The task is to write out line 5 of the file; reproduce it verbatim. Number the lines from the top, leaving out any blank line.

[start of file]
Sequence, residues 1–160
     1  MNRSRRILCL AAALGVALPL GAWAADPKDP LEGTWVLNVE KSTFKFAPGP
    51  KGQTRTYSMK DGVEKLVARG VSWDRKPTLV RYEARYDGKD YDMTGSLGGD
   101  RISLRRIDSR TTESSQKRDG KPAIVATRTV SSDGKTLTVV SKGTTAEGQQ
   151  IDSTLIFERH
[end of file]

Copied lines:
   151  IDSTLIFERH